Believing something is real, does not make it real.  I could tell you that the sky is orange and for all that I believe it, will not make it actually true.  The assertion that god and hell must exist because people believe they do is childish at best, and moronic at worst.  It does not change the fact that all religions are one part wishful thinking to two parts ignorance and superstition.  She assures us that they must believe and behave the way they do or they will suffer dire consequences which is why we must just put up with their dictatorial demands.  I will add here, as I have done many times before, that the mercenary attitude of only being moral or good in hope of reward or for fear of punishment is by no means, admirable behaviour.  Of course religious people think they are right.  It is this certainty which has led to so much bloodshed and it would not be religion with out it.  Our willingness to question, examine solid observable and testable evidence, and change our minds when proven wrong is what puts the lie to her accusation of closed mindedness.  What she objects to is that we will not allow ourselves to be indoctrinated on the say-so of another.

Now, I will admit there are Christian extremists out there who blow up abortion buildings and condemn homosexuals…but that same extreme behavior is modeled through some Muslims as well. Except they don’t blow up abortion buildings…they take guns to work at an Army base and murder 14 soldiers, they fly planes into buildings and kill hundreds of thousands of Americans. But, no one today will group them with the entire Muslim faith, as they shouldn’t. I agree that those are extreme situations that may not be directly related to every Muslim’s way of thinking. But why is it that a few Christians step out of line and the nation goes up in arms. I am not diminishing a Christian extremist’s behavior, by all means arrest them and put them behind bars if they break the law. But don’t believe that one bad apple has spoiled the whole basket.

An admission that she promptly steps away from is hardly an admission.  She is very fast to spread the blame about isn’t she.  Such reflexes.  People DO condemn Muslims on the actions of a handful.  The Muslim community are by no means exempt for the collective blame for atrocities in the name of Allah. And the reason they share collective blame for atrocities committed in the name of their faith?  Because the Muslim community only shows collective outrage when they feel that they have been insulted. They are no better than the Christian community but nor are they any worse.  The Christian Community is no less guilty of trying to force their delusions of choice on the rest of us than the Muslim community is of honour killings, stoning rape victims to death and hanging homosexuals.  In the case of Christians forcing their ideals on non believers, I am yet to hear of a right wing Christian actually defend the rights of a liberal non-believer to chose their own way of life.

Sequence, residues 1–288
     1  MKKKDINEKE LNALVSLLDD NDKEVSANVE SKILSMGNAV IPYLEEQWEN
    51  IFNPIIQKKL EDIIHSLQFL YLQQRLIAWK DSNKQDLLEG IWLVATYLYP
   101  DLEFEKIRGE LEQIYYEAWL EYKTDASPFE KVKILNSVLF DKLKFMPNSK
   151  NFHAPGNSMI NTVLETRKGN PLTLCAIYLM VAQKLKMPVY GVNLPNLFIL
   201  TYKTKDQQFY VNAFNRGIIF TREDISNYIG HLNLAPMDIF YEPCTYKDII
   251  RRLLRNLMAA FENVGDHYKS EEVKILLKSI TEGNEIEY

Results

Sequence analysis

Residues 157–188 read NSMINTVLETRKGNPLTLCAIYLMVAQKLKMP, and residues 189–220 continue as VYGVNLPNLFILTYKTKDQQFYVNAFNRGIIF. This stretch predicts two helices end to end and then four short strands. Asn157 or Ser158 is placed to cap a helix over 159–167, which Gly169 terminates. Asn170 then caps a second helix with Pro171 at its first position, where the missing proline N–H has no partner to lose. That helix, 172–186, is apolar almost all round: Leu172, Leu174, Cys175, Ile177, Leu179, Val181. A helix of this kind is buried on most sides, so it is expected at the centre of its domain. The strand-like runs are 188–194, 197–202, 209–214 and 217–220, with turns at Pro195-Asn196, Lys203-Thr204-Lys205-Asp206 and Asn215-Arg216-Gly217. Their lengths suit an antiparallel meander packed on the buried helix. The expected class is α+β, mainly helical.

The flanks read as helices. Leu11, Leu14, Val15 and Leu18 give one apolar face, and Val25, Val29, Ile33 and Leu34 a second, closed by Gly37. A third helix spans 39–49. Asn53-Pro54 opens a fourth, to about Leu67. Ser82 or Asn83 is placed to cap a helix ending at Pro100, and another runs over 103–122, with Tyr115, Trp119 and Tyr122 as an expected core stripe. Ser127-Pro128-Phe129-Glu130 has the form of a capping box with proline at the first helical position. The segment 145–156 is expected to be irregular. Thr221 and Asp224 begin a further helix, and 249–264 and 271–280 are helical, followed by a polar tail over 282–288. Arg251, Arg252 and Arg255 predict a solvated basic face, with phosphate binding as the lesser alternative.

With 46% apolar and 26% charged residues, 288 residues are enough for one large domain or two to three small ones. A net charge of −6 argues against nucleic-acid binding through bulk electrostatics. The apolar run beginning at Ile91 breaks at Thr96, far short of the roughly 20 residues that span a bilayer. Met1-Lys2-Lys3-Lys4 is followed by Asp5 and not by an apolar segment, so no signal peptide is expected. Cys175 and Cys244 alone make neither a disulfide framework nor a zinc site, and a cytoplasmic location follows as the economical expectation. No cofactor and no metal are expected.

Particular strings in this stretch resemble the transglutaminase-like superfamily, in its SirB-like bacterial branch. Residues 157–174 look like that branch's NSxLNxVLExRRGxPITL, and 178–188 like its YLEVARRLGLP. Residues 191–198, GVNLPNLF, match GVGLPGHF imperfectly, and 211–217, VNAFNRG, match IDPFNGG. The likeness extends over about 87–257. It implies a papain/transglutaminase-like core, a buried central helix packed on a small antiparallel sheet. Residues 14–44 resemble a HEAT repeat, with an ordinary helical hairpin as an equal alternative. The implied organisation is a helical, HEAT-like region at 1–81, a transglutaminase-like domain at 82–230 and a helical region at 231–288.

The extreme behavior is not really what I want to address. I want to focus on the Christian at your work place or at school who loves to talk about God and wants to shine their little light all over. Stop persecuting them!!!!! Not to get all PSA on you, but if you see a Christian in your office, don’t smash their spirit…treat them just as you would treat your friend. They are not your enemy! They aren’t actively seeking you out to criticize you, honest. When I tell people I am a Christian, for the most part people don’t really respond. Which in itself is a disappointment, but every once in a while I’ll get someone who will do anything and everything to make me insecure in my faith. Why is that?! And why is it that some will simply turn their ears off and change the subject? Are they unable to have a conversation about Christianity without yelling and screaming? Or maybe they just don’t care…

NOBODY IS PERSECUTING YOU, YOU STUPID WOMAN!!! The workplace is not the place for religion any more than a school is.  As far as I am concerned you are paid to do a job, not discuss, theology.  If you have the time to talk about your religion at work then you obviously have not got enough work to do and you are talking yourself out of a job.  You have every right to chatter away about what ever you like but you do not have the right to force people to listen (unless you plan on returning the favour, which I very much doubt).  I have religious friends but I respect them so I do not make them listen to me talk about my-lack of faith all the time and they respect me enough NOT to bore me to death with arguments that have been disproved a thousand times and more.  We actually have OTHER things to talk about.